Jackson was one of the final hires of outgoing CEO Keri Putnam, who left the organization after the first pandemic edition in 2020. New CEO Vicente joined Sundance after two years at TIFF. She is tasked with filling a role now defined by fundamental shifts to the festival ecosystem. Though in-person festivals from Cannes to TIFF are gearing for comebacks, the virtual component of festivals has stimulated new conversations about their potential role in the VOD landscape. Sundance has already announced plans to take on a hybrid form for its January 2023 dates, though it remains unclear what that will look like.

In her own statement, Vicente praised Jackson for her tenure at the festival and the institute during unpredictable times.

“We are grateful to Tabitha and her contributions to the Sundance mission over the last eight and a half years as a leader at the organization,” Vicente said. “She helped lead the Sundance Film Festival through the ongoing pandemic, helping transform it for the future, all while keeping independent artists as our north star. There is no doubt that she has left her indelible imprint on the organization. She leaves us with the Festival never more vital than during this time of great change in our industry and in a place to continue to make a meaningful contribution to culture. I look forward to leading the Festival in the interim and working more closely with Kim and our exceptional team of film programmers. The strength and experience of our existing Festival leadership and programming team means there is no shortage of talent to continue forward with the work we are doing for next year’s Festival.”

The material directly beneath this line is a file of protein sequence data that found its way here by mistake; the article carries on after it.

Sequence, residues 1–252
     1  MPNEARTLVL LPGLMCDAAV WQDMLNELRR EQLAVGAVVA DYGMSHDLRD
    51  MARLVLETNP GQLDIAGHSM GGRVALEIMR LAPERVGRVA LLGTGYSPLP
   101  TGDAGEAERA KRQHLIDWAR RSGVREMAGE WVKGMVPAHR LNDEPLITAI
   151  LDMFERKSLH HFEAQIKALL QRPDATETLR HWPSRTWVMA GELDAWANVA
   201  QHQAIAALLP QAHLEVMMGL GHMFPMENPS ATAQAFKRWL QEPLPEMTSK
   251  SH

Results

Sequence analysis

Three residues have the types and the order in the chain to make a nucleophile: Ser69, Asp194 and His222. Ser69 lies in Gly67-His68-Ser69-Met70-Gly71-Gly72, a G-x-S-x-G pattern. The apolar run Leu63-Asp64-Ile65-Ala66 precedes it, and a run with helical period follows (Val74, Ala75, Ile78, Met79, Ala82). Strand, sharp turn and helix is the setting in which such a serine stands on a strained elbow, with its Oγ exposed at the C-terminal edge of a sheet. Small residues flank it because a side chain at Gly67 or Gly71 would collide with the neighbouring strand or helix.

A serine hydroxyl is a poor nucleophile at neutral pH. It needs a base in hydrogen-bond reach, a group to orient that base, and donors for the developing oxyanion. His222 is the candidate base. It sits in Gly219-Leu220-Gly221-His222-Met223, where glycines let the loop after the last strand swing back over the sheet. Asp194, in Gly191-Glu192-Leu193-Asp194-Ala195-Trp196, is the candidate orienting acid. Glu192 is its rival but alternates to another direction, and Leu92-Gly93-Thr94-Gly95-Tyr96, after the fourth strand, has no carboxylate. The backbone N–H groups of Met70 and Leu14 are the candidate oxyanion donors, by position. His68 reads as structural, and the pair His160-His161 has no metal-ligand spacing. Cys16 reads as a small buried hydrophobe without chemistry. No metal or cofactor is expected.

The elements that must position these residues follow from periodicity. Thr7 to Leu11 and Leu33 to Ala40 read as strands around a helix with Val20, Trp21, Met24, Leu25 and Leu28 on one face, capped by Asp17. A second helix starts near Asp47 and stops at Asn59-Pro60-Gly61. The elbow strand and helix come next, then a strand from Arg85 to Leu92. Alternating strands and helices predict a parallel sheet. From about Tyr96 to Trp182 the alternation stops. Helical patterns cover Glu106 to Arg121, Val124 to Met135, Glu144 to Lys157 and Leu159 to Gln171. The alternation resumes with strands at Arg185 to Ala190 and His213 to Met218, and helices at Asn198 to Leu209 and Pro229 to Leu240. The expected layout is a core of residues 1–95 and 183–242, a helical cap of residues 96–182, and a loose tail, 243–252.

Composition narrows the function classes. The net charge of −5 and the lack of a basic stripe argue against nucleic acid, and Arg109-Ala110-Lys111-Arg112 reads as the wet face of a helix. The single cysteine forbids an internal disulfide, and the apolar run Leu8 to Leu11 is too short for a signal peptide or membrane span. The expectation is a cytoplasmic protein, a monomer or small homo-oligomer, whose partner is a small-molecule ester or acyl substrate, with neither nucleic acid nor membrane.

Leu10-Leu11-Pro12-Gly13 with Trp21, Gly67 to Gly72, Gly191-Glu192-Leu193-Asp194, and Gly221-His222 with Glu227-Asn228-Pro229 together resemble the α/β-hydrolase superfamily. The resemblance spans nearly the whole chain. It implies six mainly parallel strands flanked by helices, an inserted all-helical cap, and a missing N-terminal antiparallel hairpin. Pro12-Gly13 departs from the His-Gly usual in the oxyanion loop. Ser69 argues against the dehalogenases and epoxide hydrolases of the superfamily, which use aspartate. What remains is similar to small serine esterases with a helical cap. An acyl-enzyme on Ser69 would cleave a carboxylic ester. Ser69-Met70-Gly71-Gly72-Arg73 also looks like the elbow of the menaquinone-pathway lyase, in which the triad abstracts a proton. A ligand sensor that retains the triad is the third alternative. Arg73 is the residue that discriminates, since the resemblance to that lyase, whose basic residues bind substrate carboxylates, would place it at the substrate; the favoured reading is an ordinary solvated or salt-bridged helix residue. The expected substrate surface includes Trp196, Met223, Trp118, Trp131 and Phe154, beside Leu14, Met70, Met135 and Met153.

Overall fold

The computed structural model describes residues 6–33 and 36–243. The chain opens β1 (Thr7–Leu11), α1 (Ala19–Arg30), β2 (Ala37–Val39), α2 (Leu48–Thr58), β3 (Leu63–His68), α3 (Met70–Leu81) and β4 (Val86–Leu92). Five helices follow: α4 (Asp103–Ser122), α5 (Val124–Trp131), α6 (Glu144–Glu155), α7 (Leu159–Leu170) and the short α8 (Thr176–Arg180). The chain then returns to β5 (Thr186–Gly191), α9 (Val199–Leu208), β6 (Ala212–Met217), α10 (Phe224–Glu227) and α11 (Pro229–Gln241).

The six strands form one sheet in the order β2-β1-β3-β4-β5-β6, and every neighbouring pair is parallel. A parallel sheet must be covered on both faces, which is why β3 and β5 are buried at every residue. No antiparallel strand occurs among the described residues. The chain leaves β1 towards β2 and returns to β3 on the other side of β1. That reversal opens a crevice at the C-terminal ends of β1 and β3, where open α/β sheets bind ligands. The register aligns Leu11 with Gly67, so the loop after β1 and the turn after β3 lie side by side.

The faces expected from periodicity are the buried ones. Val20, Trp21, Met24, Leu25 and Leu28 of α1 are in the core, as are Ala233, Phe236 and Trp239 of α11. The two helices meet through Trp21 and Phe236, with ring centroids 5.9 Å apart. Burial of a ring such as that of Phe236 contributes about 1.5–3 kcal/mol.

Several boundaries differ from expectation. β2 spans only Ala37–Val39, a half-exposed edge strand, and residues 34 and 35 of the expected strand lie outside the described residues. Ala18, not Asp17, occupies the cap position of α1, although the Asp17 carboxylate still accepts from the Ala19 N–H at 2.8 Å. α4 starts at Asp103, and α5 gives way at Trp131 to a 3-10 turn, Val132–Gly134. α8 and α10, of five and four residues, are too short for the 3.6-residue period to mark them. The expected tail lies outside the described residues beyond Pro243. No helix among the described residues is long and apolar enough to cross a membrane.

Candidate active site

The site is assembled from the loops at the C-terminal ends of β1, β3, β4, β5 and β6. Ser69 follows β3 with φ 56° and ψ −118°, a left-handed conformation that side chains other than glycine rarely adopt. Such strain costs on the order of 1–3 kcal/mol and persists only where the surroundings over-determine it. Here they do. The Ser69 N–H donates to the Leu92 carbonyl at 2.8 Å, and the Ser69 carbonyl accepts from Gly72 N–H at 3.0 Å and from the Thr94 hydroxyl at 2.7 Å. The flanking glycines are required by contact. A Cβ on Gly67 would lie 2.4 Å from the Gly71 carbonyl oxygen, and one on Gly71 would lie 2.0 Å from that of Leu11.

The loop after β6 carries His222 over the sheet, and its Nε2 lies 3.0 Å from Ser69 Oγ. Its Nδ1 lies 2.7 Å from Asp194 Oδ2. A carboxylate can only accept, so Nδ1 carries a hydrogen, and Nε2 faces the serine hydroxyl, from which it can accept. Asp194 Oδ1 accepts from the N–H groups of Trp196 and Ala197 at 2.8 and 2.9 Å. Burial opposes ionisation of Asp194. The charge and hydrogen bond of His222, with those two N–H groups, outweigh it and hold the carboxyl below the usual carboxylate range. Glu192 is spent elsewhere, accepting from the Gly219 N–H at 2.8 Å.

Yutani has worked at Sundance since 2006, when she was part of the short-film programming team. She was elevated to director of programming in 2018 under Cooper, but did not pursue his position when he left. Yutani will now take on additional responsibilities pertaining to the festival’s industry and artists relations. She will continue to oversee the programming team alongside senior programmer John Nein, who leads strategic initiatives, and New Frontier curator Shari Frilot.

In addition to having oversight of festival programming decisions, the festival director is also tasked with navigating the delicate relationship between the Institute and the festival as well as the internal politics of the goals for Sundance itself.

For years, Robert Redford served as the festival’s figurehead, a role that emerged from his creation of the Sundance Institute as a safe haven for independent filmmakers to develop their work outside Hollywood. Redford founded the Institute on his private land in 1981 and took over operations of the nearby United States Film Festival in 1985, later changing the name to Sundance. He has remained a prominent figure at the festival over the decades, though in 2019 he said he would be stepping aside to play a less active role in promoting the festival or making key decisions about its future. Now, the 85-year-old is said to cede major operational moves to the board, which has been headed by Ebs Burnough since 2021.

The festival said Vicente will lead the festival’s development and planning during the search for Jackson’s replacement. The job was expected to be posted on the Sundance Institute site on Wednesday, at which point the search for the replacement will begin.